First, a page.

#3432B – 2009 78c Distinguished Americans: Mary Lasker

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U.S. 3432B
78¢ Mary Lasker
Distinguished Americans

Issue Date: May 15, 2009
City: Washington, DC
Printed by: Ashton Potter (USA) Ltd
Printing Method: Lithographed and Engraved
Perforations:
Serpentine Die Cut11.25 x 10.75
Color: Multicolored
 
Mary Lasker (1900-94) was neither a doctor nor a researcher, yet her work revolutionized the medical community. 
 
Lasker used her social standing, powers of persuasion, and personal wealth to promote the rapid growth of biomedical research.  Doctor Jonas Salk, who developed the first effective polio vaccine, called Lasker “a matchmaker between science and society.”
 
Prior to Lasker’s advocacy, expensive medical research was typically conducted by private universities and pharmaceutical companies.  Decades could pass before physicians learned the outcome and applied the findings to their patients. 
 
Lasker campaigned for greater cooperation between scientists and the medical community as well as for government funds to finance research.  Confronted with opposition, Lasker countered, “If you think research is expensive, try disease.” 
 
Lasker’s efforts led to an increase in money given to the National Institutes of Health and the establishment of research centers focused on specific diseases, including the National Cancer Institute.  Together with her husband, she created the Lasker Foundation to support medical research.  For her contributions, Lasker was awarded the Presidential Medal of Freedom and the Congressional Gold Medal.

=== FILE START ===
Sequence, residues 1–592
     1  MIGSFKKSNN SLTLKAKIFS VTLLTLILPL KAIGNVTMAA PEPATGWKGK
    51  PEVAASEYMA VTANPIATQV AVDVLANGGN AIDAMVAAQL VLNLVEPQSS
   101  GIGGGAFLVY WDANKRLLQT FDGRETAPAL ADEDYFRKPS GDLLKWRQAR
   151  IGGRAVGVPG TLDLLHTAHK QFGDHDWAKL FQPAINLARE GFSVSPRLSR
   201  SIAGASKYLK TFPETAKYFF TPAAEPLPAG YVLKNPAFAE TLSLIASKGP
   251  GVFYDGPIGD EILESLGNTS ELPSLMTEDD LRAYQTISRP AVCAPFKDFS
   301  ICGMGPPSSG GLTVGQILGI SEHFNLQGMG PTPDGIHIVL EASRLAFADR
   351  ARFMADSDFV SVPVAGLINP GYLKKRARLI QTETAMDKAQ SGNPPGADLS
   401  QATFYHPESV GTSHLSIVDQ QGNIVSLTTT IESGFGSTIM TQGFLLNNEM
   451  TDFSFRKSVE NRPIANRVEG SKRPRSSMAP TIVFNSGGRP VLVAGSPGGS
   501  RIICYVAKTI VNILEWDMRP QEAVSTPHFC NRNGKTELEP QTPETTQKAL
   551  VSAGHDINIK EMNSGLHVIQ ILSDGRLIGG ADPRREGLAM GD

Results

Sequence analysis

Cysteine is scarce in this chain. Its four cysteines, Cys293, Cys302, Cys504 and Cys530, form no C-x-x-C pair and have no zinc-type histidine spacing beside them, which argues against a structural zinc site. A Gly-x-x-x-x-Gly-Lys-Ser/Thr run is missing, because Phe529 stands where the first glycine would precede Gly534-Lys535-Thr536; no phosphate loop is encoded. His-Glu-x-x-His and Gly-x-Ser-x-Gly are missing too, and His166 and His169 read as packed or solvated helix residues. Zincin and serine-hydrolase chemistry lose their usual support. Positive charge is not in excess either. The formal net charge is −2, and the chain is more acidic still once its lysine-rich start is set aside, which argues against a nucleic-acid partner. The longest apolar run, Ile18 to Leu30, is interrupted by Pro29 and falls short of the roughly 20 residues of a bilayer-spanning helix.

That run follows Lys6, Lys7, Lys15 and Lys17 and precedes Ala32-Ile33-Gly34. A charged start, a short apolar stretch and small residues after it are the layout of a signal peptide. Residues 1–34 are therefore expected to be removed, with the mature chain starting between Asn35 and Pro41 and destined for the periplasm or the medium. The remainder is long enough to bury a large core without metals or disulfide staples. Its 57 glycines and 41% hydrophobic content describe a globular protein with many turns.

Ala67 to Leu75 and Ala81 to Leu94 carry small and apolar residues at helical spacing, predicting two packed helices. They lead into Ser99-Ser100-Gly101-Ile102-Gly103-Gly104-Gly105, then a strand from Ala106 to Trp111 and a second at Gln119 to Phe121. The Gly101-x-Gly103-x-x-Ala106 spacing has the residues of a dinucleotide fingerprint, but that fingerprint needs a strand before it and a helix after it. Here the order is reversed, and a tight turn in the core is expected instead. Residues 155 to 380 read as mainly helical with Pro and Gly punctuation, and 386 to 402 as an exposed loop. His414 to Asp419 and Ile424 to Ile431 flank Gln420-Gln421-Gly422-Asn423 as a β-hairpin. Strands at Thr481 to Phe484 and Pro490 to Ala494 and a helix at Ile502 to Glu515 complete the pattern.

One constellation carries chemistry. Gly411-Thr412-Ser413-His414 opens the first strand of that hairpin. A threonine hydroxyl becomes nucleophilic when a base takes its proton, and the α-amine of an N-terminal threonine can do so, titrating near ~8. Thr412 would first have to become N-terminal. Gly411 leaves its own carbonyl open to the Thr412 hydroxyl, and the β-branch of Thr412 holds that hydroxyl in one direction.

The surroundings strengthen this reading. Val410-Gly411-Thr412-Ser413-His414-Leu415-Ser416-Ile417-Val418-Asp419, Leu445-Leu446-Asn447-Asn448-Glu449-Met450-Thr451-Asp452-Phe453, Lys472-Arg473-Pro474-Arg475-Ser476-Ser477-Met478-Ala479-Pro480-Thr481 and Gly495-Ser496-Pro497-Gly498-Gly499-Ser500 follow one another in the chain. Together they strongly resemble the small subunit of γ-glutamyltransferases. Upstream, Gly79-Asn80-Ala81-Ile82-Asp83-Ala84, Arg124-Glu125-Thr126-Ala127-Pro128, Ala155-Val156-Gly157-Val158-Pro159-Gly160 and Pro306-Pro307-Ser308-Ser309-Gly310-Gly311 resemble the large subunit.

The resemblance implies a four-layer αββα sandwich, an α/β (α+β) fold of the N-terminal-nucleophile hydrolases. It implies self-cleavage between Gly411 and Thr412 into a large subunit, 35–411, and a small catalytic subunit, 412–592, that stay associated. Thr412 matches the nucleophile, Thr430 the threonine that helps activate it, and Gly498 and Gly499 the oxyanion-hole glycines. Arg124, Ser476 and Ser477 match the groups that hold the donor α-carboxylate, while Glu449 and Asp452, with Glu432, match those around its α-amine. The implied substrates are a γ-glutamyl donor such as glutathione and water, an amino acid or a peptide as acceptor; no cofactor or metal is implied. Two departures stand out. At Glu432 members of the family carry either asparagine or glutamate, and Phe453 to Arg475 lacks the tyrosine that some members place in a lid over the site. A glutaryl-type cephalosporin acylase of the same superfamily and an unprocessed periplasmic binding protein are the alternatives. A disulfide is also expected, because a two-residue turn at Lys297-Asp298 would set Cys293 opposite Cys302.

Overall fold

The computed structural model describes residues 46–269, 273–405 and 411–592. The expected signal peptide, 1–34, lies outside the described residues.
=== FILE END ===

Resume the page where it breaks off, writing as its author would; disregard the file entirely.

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U.S. 3432B
78¢ Mary Lasker
Distinguished Americans

Issue Date: May 15, 2009
City: Washington, DC
Printed by: Ashton Potter (USA) Ltd
Printing Method: Lithographed and Engraved
Perforations:
Serpentine Die Cut11.25 x 10.75
Color: Multicolored
 
Mary Lasker (1900-94) was neither a doctor nor a researcher, yet her work revolutionized the medical community. 
 
Lasker used her social standing, powers of persuasion, and personal wealth to promote the rapid growth of biomedical research.  Doctor Jonas Salk, who developed the first effective polio vaccine, called Lasker “a matchmaker between science and society.”
 
Prior to Lasker’s advocacy, expensive medical research was typically conducted by private universities and pharmaceutical companies.  Decades could pass before physicians learned the outcome and applied the findings to their patients. 
 
Lasker campaigned for greater cooperation between scientists and the medical community as well as for government funds to finance research.  Confronted with opposition, Lasker countered, “If you think research is expensive, try disease.” 
 
Lasker’s efforts led to an increase in money given to the National Institutes of Health and the establishment of research centers focused on specific diseases, including the National Cancer Institute.  Together with her husband, she created the Lasker Foundation to support medical research.  For her contributions, Lasker was awarded the Presidential Medal of Freedom and the Congressional Gold Medal.